My Amazon Wish List is big; my music collection is bigger (I lovesssss me my iPod Classic, my precioussssss). Both contain music to shows I have never seen. I mention this because I love to finally see shows I’ve only heard, or shows I know only through a cast album that is highly rated but I’ve neither seen nor heard. So when my LA Theatre RADAR uncovered the fact that “Ordinary Days“, a newish musical whose cast album was on my “Cast Albums after 1990” wish list, was opening at the Victory Theatre Center in Burbank, I jumped at the chance to go see it. I wasn’t disappointed. It was an enjoyable musical, well performed, with a few unexpected surprises. (ETA: I’ll probably get the album on my next Amazon order).
“Ordinary Days” is a new musical by Adam Gwon. It is described on the licensing site as telling “the story of four young New Yorkers whose lives intersect as they search for fulfillment, happiness, love and cabs. Through a score of vibrant and memorable songs, their experiences ring startlingly true to life.” That’s a very glossy and slightly misleading description, particularly with respect to the word “intersect”.
“Ordinary Days” tells the story of two pairs of people in New York in what I would surmise to be 2003-ish. The first pair is Warren and Deb. Warren works for an artist who is in jail, handing out slips of paper with sayings this artist once wrote on building, and collecting found things. Deb a a slightly neurotic English literature grad student getting ready for her first thesis meeting with her advisor. One day, she loses her notebook with all her research notes it it, and Warren finds it. He sends her an email, and their friendship begins (it isn’t a “relationship”, for one brief exchange notes that he’s gay). Once they meet, we see them going back and forth trying to find each other’s big picture. Warren’s picture is perhaps the seed thought for the show: being able to see the extraordinary in the ordinary days in New York. Eventually, he teaches Deb about this; Deb teaches him there is more to life.
The second pair is Jason and Claire. As we first meet them, Jason is moving into Claire’s apartment and they are fighting over what stuff to keep and what to pitch. We see that each has their historical baggage they want to keep; Claire’s includes an old sweater that she won’t explain (we presume it belonged to a former boyfriend). As their interactions go on and on, we see the relationship between the two get testier, with Jason unable to tell Claire that he loves her, and Claire unable to accept Jason’s affection. It reaches a boiling point when Jason blurts out a proposal. What happens then is what makes the musical, but I really don’t want to spoil it.
Remember that I said the original description said that the lives of these people “intersect”. That’s misleading. Gwon’s story (which is told entirely through songs — there is no recitative dialog in any scene) keeps alternating between the two pairs of people. There are a few scenes where all four are on stage at the same time, but one pair never directly interacts with the other in a plot-meaningful way. Even near the end of the piece, where the actions of one pair influence the actions of the other, there is never a direct interaction. In fact, except for that one scene, this could be divided into two one-acts, each act focusing on one pair, and the story wouldn’t be hurt. Perhaps that’s a strength; perhaps it is a weakness. However, I do believe that if they were forced to interact, it would seem forced and artificial; perhaps the message is that in the large number of “dots” that is New York City, even the actions of one or two dots can have significant effects on others.
As I noted, the story is told entirely through songs (as Stan Freberg might say, “The music is the book, the book is the music”). Initially this was jarring, but by the end it seemed to work. It reminded me most of another song heavy musical, “The Story of My Life” (which we saw back in 2010). This opened up an interesting post-show debate about when is something a musical vs. a light opera vs. an opera. I opined that musicals focus primarily on the story and less on the emotion of the music. That was certainly the case here — I didn’t walk out humming any particular melody, although the music worked well to carry the story along. The word play was clever (I did appreciate rhyming “dork” with “New York”), and I look forward to getting the cast album. But it wasn’t the sort of music that carried your along with its scope and grandeur as operas do, and I’m not sure it fit the light (i.e., comic) opera or operetta role of a Gilbert & Sullivan piece.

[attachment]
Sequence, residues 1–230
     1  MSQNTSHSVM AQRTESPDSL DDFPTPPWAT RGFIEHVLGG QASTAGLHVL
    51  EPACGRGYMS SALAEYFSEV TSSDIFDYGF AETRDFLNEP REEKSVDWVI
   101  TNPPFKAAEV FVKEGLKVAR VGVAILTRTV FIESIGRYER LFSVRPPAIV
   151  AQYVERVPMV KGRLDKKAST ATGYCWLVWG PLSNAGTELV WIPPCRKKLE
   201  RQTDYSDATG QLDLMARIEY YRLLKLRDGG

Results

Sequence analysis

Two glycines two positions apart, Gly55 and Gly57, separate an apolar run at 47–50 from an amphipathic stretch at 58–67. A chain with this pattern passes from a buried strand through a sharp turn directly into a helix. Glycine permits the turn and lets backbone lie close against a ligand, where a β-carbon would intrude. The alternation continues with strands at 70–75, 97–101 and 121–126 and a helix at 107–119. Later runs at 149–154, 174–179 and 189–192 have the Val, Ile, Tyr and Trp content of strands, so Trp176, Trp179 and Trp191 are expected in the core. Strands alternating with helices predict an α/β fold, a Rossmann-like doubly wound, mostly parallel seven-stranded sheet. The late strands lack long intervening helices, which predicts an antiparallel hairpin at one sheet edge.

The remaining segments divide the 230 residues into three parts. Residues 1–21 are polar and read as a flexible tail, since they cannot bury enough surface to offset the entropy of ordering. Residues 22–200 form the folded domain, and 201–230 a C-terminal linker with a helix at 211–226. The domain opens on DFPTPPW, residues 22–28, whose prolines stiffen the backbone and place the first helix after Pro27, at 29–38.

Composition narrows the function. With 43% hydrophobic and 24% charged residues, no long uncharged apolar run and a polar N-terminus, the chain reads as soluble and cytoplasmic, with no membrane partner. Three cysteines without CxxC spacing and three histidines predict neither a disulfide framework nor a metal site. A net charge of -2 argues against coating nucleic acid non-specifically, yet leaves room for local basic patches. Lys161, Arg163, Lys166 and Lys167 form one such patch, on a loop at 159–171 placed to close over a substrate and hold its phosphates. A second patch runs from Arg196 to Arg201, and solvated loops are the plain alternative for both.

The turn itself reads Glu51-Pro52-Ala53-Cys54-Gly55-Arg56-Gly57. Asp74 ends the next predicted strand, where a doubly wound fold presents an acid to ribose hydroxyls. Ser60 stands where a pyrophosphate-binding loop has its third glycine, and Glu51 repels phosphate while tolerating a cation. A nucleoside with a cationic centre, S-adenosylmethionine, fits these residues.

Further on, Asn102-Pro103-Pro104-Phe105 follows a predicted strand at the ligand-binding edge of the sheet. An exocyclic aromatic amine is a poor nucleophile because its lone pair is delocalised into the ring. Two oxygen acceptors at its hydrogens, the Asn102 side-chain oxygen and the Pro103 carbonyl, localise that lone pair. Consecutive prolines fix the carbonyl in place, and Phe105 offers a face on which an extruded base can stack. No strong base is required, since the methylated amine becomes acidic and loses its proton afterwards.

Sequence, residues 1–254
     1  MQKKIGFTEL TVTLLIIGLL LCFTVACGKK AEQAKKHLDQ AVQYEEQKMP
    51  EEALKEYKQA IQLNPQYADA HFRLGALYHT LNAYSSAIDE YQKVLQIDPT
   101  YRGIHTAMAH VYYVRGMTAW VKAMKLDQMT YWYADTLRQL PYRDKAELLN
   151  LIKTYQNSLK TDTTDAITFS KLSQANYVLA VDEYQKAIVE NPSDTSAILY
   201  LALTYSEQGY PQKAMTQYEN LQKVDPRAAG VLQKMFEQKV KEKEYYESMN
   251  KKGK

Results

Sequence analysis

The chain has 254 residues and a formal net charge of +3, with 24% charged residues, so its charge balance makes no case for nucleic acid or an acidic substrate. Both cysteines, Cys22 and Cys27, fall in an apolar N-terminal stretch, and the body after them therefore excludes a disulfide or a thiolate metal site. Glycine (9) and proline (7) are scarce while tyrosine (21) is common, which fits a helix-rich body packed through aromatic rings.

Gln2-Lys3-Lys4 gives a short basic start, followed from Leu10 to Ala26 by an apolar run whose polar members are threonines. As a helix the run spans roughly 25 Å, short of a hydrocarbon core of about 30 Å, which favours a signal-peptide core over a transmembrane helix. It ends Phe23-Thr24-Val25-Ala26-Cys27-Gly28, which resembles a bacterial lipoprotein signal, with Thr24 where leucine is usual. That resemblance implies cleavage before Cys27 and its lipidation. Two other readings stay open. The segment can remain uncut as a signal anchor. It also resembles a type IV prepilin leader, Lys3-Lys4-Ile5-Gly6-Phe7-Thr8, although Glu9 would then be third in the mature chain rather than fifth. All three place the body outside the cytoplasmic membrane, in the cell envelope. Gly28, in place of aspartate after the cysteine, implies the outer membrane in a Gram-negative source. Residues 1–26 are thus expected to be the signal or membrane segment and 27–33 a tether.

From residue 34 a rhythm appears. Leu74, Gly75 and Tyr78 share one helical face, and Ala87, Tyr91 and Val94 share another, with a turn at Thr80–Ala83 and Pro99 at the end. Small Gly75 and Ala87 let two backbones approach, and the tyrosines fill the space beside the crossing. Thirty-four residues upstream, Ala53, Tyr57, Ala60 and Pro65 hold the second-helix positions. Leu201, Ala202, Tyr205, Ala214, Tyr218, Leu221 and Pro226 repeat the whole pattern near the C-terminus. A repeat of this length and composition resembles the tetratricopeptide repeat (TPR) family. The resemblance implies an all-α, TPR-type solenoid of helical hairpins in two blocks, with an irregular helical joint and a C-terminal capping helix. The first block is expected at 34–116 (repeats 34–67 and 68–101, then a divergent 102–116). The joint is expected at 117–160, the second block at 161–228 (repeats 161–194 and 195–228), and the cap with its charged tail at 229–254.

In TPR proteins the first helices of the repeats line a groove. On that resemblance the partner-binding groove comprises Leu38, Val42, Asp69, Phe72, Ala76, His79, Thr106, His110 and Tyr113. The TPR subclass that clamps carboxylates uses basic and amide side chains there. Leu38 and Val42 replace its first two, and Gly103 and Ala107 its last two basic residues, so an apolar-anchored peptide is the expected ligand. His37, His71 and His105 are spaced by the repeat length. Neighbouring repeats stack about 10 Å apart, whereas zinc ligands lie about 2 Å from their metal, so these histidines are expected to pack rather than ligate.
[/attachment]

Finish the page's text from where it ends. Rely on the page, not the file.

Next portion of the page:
The direction by Angel Creeks (FB) (interview) did a great job of bringing out the character in these characters; that is, helping the actors to inhabit and become the roles. She made the interactions work well on the limited set. However, I didn’t realize this to the end. In particular, the behavior of the second pair seemed somehow off to me throughout most of the show; it wasn’t until the end that I realized there was a reason for that behavior. As always, I’m not sure where in this portrayal how to separate the work of the director from the skills brought by the actors. So let’s turn to the actors.
The first pair we meet are Warren (Reggie De Leon (FB)) and Deb (Katie Kitani (FB)). De Leon wins you over with his first song, “One by One by One” — he is just so joyful as his character it is infectuous. This is a young man who just finds joy in the little things. His performance does something that I enjoy so much — he inhabits his character and it seems to just be natural and exuberant. We see a similar performance from Kitani as Deb — her Deb is neurotic and controlled and nervous and enthusiastic and confused and… just a delight to watch. Again, she nails this with her first song, “Don’t Wanna Be Here”, which establishes not only her character but her quirky personality. With Kitani, I particularly enjoyed watching the nuances of her face and motions as she sang the songs. Again, she just inhabited the character, making it hers and seemingly merging actor and role. Both De Leon and Kitani sang wonderfully and just lit up the stage whenever they were on it. I’ll note that Amir Levi (FB) plays Warren on Friday nights. Based on the picture in the program, I would imagine that Levi would bring a different vibe to the character that would be interesting to contrast with De Leon’s portrayal.